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Top 4 Tips for Strength Training as We Age (VIDEOS)

It’s important to stay active as we get older. If you want to live a healthy long life with the strength, endurance, and energy to enjoy all of the activities you love without the aches and pains, you need regular strength training.

As we age, strength training becomes an essential part of our workout to maintain and tone muscle, build bone density, and protect our joints. It is not enough to use walking as our only workout. Starting as early as our 30s, our body starts to lose muscle mass in the natural process of aging if we are not actively strength training.

You might start to see this with aches creeping into your joints as your muscles struggle to protect your joints; or you might find it more difficult to lift items; or you feel like you are losing strength in general.

I remember when my husband woke up on the morning of his 30th birthday and his back hurt. He declared, “This is it! I’m getting old!” Okay, that was not the case at all!

But it is important to incorporate strength and resistance training into your workout to build and keep muscle, protect your joints, and build bone density. 

Listen to Your Body and Start Slow

The first and most important tip related to strength training, is to listen to your body and start slowly. If you feel something is painful or not right, do not keep pushing through it. Pause your exercise to adjust your technique or lower your resistance and see how you feel.

If after adjusting technique, positioning, and resistance, you still feel pain then that might not be the best exercise for you. Also, it can be tempting to try to make up for lost time if you are starting a new exercise program after not being as active as you wish you were.

Going too fast and too intense is a recipe for injury – start slow and listen to your body. I have seen this time and time again, especially during my years working as a Licensed Physical Therapist Assistant. When certain new exercise programs or fads popped up, so would more injuries related to them. 

What Muscle to Work

The 2nd tip is related to a very important strength training principal: specificity. If you want to get better at an activity, you need to practice that activity. If I wanted to learn to play the guitar, I would need to practice the guitar – starting with some scales and working towards some songs.

In that same respect, if you want to see improvement in your daily activities of regular life and leisure, research shows it is best to use dynamic and functional motions instead of stationary machines or exclusively using lying down exercises.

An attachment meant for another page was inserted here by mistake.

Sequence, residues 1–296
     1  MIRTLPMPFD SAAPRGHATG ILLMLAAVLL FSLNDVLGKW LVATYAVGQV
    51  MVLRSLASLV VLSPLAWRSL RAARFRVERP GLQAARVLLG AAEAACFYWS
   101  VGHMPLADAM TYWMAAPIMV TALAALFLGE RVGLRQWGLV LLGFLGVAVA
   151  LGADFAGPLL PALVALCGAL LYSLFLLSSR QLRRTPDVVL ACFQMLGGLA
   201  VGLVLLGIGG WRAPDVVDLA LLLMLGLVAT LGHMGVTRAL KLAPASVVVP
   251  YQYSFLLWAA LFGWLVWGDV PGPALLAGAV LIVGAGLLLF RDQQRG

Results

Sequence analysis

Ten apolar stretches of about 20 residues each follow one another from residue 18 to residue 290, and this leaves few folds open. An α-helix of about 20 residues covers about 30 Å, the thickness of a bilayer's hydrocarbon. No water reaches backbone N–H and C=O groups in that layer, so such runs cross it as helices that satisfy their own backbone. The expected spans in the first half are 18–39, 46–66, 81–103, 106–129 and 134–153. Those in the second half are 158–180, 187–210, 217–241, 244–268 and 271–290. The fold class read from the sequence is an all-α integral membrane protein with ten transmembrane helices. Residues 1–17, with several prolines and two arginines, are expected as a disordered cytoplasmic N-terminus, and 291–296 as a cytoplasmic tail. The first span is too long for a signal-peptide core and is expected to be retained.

For example, if you are performing squats or step ups you will see much more carryover with ease with climbing stairs or getting up from a low surface than if you did a seated weight machine. If you are unsure of how to perform a squat or are worried about your knees, check out this video for some quick tips and exercises! 

Which Muscles to Focus On

Another point related to specificity is that you want to strive for a full body workout. Pick exercises that focus on a variety of areas of the body but ones that also focus on the extensors (or the muscles on the back of your body) twice as much as the front.

Adding rows, squats, and exercises that focus on our postural muscles and the muscles on the back of our body is so important because all day long we move in a forward motion. We sit hunched over at our desks for too long, gardening, and even housework all focus on forward motion.

Building the muscles on the back of your body will help you to stay strong and keep your body in great alignment, which prevents injury. 

How Much Strength Training Do You Need?

Now that you know what to do, let’s figure out how much you need! The National Strength & Conditioning Association recommends strength training at least twice a week. As you get stronger, you can add a third or fourth session or challenge yourself more in your workouts.

Strive for 8-12 repetitions using a weight, resistance band, or resistance that gives you a challenge by the end of your set. Give yourself a rest between sets or alternate body areas and aim for 2-4 sets of each exercise. On a scale of 1-10, with 10 being the hardest, you should aim to work at a level 7-8.

Make sure you are using proper form and start with stability first. Don’t push the weights to the extreme where you can’t finish your set or can’t maintain technique. But your body does need a challenge with each workout.

If you are doing the same weight, same reps, and same resistance in each workout, your body will not continue to see the benefits with exercise. Vary up your weights, resistance, or intensity to give your body a good challenge. Going slower or holding some exercises can be a challenge for your body! 

Working with a personal trainer is a great way to have the guidance and support you need to ensure you are getting the most out of each workout! For more tips with your workouts, check out my Thrive at 55 Exercise Guide

What kind of strength training are you doing these days? When did you start lifting weights? What was your reason to go for it? How often do you do strength training? Please share your story!

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The Author

Aubrey Reinmiller is a licensed Physical Therapist Assistant, Certified Personal Trainer and Senior Fitness Specialist, and Functional Aging Specialist focused on helping those over 50 to reinvent aging! She offers online small group and private fitness solutions through https://aubreyreinmiller.com/. Aubrey authored Reinvent Aging: The Over 50 Fitness Guide to Improve Energy, Strength and Balance.

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